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Jules Verne Trophy assaulted by trimarans

Jan 1, 2003

Two attempts at the Jules Verne Trophy have been carried out in the last few weeks, the first failing as a result of mechanical problems, the second now making its way toward the northwest African coast. The Trophy is awarded to the crew of a vessel that circles the globe fastest, named for the author Jules Verne and his book "Around the World in Eighty Days." The current Jules Verne record holder is French sailor Olivier de Kersauson, who sailed around the world in 1997 in just over 71 days.

Kersauson was attempting to break his own record when he sailed the trimaran Geronimo from Ushant off Brittany two weeks ago. However, he turned back "for safety reasons" off the coast of Brazil, as mechanical problems with the steering system made the vessel unmaneuverable.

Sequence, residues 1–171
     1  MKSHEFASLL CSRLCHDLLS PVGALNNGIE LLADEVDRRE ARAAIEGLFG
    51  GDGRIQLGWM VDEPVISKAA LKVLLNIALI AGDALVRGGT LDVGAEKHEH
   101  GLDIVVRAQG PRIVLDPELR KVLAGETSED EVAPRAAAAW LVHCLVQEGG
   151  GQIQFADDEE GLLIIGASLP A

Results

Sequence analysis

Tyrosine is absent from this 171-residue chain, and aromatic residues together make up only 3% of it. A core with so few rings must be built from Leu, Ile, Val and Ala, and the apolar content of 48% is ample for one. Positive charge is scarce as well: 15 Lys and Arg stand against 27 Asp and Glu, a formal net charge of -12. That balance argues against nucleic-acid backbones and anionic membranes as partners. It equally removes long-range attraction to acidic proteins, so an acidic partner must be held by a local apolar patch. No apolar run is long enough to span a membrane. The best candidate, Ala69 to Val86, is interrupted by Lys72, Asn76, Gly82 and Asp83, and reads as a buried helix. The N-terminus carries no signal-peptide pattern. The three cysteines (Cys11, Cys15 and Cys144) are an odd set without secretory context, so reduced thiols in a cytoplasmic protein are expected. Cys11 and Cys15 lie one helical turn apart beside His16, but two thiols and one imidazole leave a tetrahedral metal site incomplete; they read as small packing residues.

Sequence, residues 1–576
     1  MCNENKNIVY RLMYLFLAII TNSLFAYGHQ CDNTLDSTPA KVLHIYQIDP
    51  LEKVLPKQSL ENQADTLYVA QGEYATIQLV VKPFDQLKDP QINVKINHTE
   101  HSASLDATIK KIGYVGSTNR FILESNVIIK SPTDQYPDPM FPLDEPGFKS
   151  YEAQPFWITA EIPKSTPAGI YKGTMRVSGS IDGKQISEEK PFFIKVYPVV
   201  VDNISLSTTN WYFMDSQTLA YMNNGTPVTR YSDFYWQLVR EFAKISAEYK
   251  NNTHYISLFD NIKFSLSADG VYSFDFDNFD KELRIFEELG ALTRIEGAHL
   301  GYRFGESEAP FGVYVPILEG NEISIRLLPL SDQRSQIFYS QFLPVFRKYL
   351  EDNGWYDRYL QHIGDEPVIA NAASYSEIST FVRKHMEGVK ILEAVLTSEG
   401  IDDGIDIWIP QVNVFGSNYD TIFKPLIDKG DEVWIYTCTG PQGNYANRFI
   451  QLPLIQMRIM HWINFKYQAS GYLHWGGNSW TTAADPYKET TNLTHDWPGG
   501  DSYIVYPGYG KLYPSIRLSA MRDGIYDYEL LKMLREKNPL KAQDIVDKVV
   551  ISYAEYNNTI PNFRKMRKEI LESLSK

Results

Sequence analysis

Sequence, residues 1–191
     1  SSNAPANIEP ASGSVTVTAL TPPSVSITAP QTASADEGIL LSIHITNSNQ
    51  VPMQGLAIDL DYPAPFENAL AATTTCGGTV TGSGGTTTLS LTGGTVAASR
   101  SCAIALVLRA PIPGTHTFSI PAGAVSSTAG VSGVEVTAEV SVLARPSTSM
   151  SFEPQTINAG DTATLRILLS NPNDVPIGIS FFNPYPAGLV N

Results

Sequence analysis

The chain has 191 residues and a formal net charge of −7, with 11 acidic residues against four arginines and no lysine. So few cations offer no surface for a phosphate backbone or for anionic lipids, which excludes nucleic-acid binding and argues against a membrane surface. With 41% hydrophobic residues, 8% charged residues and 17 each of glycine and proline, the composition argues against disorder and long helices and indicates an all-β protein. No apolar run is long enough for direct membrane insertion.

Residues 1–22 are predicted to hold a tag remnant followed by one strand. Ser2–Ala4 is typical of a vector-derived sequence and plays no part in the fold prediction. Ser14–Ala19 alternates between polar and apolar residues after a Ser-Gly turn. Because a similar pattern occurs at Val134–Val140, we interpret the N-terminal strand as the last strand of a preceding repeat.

The "maxi-catamaran" Orange, skippered by legendary sailor Bruno Peyron, departed Vannes in France on March 1 also to attempt the record race around the world against the clock. The vessel covered 500 miles in the first 24 hours, a feat that was described by the captain as being the sum of just 85 percent of the vessel's potential. He said he is playing it safe until the crew has every confidence in the boat's abilities. Follow progress online: www.maxicatamaran-orange.com.


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